Former Rodeo Queen’s Horse Shot Opening Day of Rifle Season
By angelamontana

Posted: October 31, 2019

An article on DailyInterlake.com by Kianna Gardner and Brenda Ahearn tells a disturbing story about a rodeo queen and her horse being shot which led to it being euthanized.

The Flathead County Sheriff’s Office is seeking any information related to a tragic domestic animal shooting that occurred west of Marion off U.S. 2, in which a woman’s horse was shot through its shoulder and later had to be euthanized.

It was around 3:30 in the afternoon on Saturday, Oct. 26, when Kristina Gregersen, owner of the horse and a former Northwest Montana Pro Rodeo Queen, pulled into her residence. Shortly after her return, Gregersen said she was walking toward her pasture to prepare her horses for Saturday night’s winter storm when she realized something was gravely wrong.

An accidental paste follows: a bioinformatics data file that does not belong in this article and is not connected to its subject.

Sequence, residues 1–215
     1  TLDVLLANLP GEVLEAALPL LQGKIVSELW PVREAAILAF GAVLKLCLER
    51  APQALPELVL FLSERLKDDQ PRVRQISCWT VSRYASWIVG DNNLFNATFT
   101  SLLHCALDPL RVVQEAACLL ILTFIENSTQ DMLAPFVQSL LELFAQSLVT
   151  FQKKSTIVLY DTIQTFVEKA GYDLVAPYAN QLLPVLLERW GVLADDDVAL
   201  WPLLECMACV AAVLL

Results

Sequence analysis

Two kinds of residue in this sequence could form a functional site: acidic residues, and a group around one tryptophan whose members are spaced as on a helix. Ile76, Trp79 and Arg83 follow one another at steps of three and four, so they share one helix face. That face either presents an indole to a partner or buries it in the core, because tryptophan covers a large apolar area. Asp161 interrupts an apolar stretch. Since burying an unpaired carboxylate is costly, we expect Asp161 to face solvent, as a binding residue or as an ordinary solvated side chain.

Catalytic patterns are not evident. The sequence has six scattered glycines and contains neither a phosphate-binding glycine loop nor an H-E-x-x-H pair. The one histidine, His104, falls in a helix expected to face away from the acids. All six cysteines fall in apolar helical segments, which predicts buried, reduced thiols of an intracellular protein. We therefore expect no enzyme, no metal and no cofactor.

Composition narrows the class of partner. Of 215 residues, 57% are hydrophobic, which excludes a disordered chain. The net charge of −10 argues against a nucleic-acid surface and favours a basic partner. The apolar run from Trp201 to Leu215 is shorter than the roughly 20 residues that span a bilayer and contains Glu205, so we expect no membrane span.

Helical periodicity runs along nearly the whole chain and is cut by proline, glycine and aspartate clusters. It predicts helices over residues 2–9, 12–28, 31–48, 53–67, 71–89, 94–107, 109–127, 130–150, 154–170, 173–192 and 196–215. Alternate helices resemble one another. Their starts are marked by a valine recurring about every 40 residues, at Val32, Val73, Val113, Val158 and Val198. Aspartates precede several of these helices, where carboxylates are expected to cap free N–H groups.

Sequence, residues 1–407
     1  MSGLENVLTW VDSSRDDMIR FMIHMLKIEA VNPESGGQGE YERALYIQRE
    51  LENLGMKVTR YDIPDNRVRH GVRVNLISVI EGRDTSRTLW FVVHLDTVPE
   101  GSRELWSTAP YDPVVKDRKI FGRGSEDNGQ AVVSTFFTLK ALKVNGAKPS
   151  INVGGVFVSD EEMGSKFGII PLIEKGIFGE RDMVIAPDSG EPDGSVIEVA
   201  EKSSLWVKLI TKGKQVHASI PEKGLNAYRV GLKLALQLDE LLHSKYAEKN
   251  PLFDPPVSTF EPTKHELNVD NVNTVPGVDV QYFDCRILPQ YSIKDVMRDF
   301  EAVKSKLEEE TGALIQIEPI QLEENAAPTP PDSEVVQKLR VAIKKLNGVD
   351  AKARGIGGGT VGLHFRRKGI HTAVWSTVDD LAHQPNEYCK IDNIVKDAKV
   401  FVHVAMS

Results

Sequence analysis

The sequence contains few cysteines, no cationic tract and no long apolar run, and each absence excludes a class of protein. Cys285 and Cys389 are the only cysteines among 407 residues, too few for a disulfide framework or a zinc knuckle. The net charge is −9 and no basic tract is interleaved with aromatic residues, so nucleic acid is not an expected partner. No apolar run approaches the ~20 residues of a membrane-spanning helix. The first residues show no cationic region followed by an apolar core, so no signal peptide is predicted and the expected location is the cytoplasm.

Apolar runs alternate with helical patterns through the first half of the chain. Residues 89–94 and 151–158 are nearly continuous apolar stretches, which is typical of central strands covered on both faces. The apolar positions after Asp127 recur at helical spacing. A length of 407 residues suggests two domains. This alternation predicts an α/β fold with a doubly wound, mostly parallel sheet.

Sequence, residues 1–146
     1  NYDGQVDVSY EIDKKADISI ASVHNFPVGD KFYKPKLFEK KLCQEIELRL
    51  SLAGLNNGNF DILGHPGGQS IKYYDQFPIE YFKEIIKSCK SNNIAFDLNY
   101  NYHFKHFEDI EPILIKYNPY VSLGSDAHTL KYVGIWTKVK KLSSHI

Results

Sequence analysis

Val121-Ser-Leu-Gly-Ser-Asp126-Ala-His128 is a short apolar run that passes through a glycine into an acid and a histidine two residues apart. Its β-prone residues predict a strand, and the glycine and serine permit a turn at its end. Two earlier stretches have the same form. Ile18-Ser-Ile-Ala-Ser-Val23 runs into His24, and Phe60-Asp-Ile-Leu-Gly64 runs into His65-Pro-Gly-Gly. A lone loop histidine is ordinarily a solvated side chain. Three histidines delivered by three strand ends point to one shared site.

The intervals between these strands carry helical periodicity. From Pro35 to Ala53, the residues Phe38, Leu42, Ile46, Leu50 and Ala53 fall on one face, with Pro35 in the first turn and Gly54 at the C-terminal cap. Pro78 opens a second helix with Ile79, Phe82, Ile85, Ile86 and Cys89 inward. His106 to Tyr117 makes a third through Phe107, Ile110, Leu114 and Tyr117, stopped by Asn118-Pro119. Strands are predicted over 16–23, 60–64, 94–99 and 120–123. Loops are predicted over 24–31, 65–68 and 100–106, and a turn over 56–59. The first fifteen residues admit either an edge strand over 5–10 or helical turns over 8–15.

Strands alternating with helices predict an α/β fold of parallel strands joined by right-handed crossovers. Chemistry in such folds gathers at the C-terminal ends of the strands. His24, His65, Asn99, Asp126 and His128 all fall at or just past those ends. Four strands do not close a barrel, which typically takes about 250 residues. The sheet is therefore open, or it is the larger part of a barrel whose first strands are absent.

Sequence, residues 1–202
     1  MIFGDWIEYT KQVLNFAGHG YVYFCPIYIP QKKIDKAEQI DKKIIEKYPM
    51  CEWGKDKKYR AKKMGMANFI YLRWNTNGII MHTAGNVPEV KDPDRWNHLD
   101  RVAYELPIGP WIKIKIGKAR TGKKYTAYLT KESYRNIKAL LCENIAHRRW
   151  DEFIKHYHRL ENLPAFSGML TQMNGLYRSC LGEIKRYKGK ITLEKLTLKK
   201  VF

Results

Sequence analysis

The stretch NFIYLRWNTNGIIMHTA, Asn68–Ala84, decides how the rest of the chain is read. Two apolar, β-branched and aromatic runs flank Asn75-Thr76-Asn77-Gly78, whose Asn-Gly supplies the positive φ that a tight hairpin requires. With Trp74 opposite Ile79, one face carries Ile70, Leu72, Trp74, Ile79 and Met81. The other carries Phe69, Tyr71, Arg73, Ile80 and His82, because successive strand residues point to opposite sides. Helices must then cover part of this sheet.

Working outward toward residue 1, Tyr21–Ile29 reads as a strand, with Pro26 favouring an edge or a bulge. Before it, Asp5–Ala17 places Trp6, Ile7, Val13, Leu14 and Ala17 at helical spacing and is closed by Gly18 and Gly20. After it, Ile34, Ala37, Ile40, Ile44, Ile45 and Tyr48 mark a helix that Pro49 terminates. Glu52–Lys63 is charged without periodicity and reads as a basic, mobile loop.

“I began counting, one, two, three, four, [but] there are five horses,” Gregersen recalled.

She located her fifth horse, a 19-year-old buckskin American Quarter Horse nicknamed “Diva,” lying on the ground near the meadow’s small, solitary tree.

As Gregersen approached, she said she could smell blood and upon further inspection realized Diva, her prized competition horse and “best friend,” had suffered a major gunshot wound.

Gregersen, still tearful as she recounted the ordeal on Tuesday, described the scene as a “gruesome, horrific mess.”

“She seemed to look up at me as if to say ‘oh good, you’re here now, you can fix this,’ but I knew I wasn’t calling anyone to fix her. I was calling for someone to keep her from hurting anymore,” Gregersen said.

She said the bullet had entered Diva’s left shoulder and exited the right, causing internal bleeding and severe and irreparable damage to the animal’s right leg, which Gregersen described as being “torn off.” It was evident Diva was suffering, so Gregersen proceeded to call her neighbor to the property where he assisted in euthanizing Diva.

“Horses are not like dogs,” Gregersen explained. “If a dog loses a leg, it can learn to adapt and survive. Horses aren’t built like that, they are too heavy.”

An officer with the Flathead County Sheriff’s Office Animal Control unit was sent to inspect the property and horse. The officer determined Diva was shot from U.S. 2, but has yet to determine what kind of gun was used or whether the shooting was accident or intentional.

Read the full story here.